March 6, 1999:
George Brinton presented a paper, "Quantitative Reasoning Across a Core Curriculum," on our QR project at the second Regional Quantitative Reasoning Across the Disciplines Conference at Richard Stockton College of New Jersey.
May 21, 1999:
The Brooklyn College QR project hosted an all-day conference for a regional audience on "Quantitative Literacy Across the Curriculum." The keynote speaker was Dr. Carolyn Wallace, the head of the NSF Mathematics across the Curriculum Project at Dartmouth College. Other participants included Dr. Alan Tucker, Director of the Long Island Consortium for Interconnected Learning, another of the NSF Mathematics across the Curriculum projects, and Dr. George Brinton, who spoke about faculty development to enhance quantitative reasoning teaching in Brooklyn College's Core Curriculum. The authors of one of the best-selling textbooks in QR, Dr. Jeffrey Bennett and Dr. William Briggs of the U. Colorado Boulder also presented on their experiences in teaching non-science majors quantitative reasoning. The conference was advertised at regional institutions and was attended by more than 40 faculty from BC, CUNY, and a number of regional colleges.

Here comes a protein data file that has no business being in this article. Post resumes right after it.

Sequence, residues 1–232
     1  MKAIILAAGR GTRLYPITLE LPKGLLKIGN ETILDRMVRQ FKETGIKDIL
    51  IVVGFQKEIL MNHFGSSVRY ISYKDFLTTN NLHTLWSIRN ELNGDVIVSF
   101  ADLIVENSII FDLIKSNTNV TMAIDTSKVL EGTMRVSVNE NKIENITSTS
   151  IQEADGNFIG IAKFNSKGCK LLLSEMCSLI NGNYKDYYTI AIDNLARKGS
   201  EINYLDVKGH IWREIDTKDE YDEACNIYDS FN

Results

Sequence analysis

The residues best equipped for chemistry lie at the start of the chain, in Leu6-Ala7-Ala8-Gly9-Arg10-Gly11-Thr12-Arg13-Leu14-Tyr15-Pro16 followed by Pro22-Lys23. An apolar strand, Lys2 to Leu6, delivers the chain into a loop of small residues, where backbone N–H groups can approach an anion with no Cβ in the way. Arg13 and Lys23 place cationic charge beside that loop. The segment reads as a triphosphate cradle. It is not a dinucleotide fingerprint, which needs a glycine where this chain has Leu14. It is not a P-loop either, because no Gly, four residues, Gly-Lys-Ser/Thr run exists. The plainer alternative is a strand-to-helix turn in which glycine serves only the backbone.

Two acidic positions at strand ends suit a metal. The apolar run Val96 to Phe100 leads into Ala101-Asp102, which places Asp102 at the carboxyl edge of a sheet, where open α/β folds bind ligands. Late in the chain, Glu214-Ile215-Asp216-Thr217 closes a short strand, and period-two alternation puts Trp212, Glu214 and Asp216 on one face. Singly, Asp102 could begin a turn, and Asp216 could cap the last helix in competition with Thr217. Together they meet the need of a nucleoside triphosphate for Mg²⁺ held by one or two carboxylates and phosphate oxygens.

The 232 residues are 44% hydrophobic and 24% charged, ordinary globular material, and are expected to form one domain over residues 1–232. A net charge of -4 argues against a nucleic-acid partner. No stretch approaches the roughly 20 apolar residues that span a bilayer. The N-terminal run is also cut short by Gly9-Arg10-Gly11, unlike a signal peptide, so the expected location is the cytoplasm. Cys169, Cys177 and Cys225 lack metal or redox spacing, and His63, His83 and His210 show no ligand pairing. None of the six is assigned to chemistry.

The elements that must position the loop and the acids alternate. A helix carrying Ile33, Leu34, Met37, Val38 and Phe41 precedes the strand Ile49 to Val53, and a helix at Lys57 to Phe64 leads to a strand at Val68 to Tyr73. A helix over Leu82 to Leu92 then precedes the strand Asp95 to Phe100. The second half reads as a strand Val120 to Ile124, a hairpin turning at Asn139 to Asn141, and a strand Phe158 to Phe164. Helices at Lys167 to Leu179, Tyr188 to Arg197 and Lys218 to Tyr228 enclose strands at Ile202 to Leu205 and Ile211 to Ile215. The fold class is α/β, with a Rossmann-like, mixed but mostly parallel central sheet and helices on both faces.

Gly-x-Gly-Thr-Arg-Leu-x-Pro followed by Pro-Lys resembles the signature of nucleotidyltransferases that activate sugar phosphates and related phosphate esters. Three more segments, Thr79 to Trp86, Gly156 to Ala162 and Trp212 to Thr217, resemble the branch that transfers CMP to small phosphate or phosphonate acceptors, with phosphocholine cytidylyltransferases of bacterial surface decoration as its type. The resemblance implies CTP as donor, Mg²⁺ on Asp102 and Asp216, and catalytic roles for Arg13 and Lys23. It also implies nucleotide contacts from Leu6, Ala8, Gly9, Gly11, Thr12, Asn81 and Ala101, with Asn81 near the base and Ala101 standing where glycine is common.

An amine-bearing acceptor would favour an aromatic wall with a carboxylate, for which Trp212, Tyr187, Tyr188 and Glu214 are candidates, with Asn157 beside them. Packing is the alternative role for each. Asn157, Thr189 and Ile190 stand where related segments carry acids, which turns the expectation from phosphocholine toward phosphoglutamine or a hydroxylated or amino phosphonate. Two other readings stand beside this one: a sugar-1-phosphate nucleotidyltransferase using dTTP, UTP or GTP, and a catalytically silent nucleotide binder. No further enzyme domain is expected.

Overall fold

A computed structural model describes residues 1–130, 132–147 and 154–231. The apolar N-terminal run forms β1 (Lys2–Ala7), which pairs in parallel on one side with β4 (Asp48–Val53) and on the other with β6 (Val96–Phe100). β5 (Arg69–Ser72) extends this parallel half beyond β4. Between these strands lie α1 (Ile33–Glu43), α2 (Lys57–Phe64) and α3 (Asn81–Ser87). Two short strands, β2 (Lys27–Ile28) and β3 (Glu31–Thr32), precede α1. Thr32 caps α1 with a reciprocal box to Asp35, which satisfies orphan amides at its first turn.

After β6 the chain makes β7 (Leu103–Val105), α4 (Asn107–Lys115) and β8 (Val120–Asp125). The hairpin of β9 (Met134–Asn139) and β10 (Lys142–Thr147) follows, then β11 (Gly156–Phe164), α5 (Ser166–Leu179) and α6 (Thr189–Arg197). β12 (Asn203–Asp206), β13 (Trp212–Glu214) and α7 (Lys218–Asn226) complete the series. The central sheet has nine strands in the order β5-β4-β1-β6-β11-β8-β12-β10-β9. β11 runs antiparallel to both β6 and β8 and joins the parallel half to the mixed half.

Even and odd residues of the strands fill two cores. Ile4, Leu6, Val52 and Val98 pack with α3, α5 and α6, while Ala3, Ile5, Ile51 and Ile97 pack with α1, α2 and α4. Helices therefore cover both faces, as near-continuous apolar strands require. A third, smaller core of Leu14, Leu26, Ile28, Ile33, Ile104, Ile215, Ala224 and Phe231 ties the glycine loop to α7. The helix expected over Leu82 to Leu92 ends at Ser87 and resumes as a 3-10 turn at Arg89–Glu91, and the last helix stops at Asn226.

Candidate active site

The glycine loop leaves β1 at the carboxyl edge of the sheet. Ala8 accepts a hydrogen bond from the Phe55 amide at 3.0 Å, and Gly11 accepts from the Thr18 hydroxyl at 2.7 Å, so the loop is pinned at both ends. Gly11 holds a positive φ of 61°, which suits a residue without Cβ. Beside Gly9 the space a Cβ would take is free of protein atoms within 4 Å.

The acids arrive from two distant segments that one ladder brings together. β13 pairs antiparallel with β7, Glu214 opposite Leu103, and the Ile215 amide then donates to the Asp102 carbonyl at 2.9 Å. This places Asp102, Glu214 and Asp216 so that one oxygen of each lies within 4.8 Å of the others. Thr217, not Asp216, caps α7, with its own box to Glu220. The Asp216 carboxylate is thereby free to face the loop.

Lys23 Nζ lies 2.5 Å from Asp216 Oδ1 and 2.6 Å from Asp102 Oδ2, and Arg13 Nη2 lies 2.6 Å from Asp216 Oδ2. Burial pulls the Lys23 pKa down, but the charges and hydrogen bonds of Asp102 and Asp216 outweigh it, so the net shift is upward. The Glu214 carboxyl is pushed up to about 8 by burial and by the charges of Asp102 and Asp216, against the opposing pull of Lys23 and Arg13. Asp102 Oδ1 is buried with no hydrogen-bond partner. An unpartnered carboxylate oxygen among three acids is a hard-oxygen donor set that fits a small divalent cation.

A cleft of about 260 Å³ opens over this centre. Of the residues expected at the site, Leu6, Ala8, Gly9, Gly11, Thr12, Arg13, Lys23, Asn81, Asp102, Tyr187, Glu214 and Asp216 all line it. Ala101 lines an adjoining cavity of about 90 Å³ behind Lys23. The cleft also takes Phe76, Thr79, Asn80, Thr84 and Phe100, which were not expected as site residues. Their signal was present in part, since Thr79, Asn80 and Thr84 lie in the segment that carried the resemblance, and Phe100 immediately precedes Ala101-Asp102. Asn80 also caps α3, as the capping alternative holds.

Peter Lesser and Louise Hainline took part in a one-week session on teaching quantitative reasoning to non-science students based on the NYU Core Curriculum, as part of NYU's Faculty Resource Network. The course was run by Dr. Fred Greenleaf and Dr. Andre Adler, published leaders in the QR across the Disciplines movement. The QR in the Undergraduate Curriculum sessions were attended by faculty from 8 other institutions; a web-based discussion group on the QR movement has been established to serve as a medium for exchange of ideas as a result of the seminar.
Project participants gave a presentation at the annual Core Seminar which included the following talks: Peter Lesser, "History of the QR Project at BC"; Louise Hainline, "Results from the faculty survey"; Michael Kahan, "Making Sense of Polling and Sampling" (Core 3); Jocelyn Wills, "Mapping the Industrial Revolution" (Core 4); Jonathan Adler, "Moral Motivation and the Prisoners' Dilemma" (Core 10).
August 25, 2000:
Louise Hainline presented a paper entitled "A Survey of Faculty Opinions about Quantitative Reasoning," based on a faculty survey recently completed at Brooklyn College, at the Third Regional Conference on Quantitative Reasoning Across the Disciplines, Richard Stockton College of New Jersey. The Stockton College QUAD project staff is interested in discussing the coordination of the next conference with the Brooklyn College QR project team.